Janette Turner Hospital is a few years younger than Miller and has moved in the opposite direction, geographically speaking. Raised in Queensland, she has spent most of her adult life overseas, most recently in South Carolina, where she has lived for the past 12 years. Home, though, remains Queensland, where her elderly, frail father lives and which is the setting of her beautiful memoir ‘Moon River’, a fitting coda to the often heart-rending stories that precede it in Forecast: Turbulence.
Turner Hospital is a dedicated investigator of psychological survival in the wake of trauma, of how we try to recover after suffering unrecoverable loss. It’s there in her big, best-known novels, such as Due Preparations for the Plague (2003), set in the aftermath of an Air France hijacking, and it’s there on a smaller but no less intense scale in these stories, with their relentless cast of absent fathers, abandoned wives, troubled children and isolated,
In ‘Weather Maps’, two teenage girls visit the men in jail who should be looking after them, and share their need to self-mutilate. In ‘Afterlife of a Stolen Child’, a story for which readers should make due preparations, a two-year-old boy is snatched from his pram outside a swish bakery. The detail is devastating: his mother is inside buying bread and ‘two little strawberry tarts’. Even in a gentler story such as ‘Hurricane Season’, in which a boy and his grandmother rather naughtily stay put as a hurricane threatens, the author insists on reminding us how fragile are the things we love.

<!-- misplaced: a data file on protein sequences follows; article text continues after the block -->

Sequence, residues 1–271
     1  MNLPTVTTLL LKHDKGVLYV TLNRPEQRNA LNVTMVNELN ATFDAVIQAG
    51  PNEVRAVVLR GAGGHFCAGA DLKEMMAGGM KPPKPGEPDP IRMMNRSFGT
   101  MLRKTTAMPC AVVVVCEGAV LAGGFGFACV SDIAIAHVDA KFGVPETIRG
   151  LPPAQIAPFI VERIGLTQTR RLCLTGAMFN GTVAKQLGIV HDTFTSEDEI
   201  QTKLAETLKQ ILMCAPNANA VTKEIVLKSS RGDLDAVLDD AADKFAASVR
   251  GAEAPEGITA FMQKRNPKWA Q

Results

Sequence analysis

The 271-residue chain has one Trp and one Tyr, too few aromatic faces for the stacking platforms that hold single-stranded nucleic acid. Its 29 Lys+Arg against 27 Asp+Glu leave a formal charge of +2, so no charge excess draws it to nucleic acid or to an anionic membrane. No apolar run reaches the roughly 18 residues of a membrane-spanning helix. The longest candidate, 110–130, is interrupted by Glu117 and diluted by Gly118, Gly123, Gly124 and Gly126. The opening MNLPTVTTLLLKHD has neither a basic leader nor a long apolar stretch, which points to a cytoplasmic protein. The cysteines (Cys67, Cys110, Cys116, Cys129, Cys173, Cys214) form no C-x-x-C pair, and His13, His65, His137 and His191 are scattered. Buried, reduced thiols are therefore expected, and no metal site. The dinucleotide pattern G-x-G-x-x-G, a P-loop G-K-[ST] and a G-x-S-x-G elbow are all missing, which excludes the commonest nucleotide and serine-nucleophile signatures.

If this all sounds a bit dark, that’s because it is. Turner Hospital does bleak with the best of them. Mention this to her and she will tell you that she finds most of her material in the news pages of the New York Times. And of course that’s why we read handlers of dark materials such as Turner Hospital, or Cormac McCarthy: the newspaper can tell us what happened; but they might be able to tell us why it happened, and what it felt like. Such as in this exchange in ‘Weather Maps’ between the girls who cut themselves with razor blades:
‘You can make whatever patterns you want,’ I agreed, ‘and it’s private.’ She frowned slightly, thinking about this. ‘You can’t always keep it private, but still it’s better. Because no-one else is doing it to you.’
And then we come to the end, ‘Moon River’, where the unrecoverable loss is Turner Hospital’s: the death of her mother, Elsie Morgan Turner, in a Brisbane hospital in 2009. The grief memoir is a crowded marketplace just now, but that’s no reason not to read another one: loss is complicated, and we need all the guidance we can get. Turner Hospital chooses Heraclitus for her epigraph: ‘You can not step into the same river twice.’ Life moves inexorably, that is true. It’s also true that there are some waters we’d rather not step into even once, and Turner Hospital is a fearless explorer of these, because they are there, awaiting us all.
Stephen Romei is the Australian’s literary editor. His blog, A Pair of Ragged Claws, is at www.theaustralian.com.au/thearts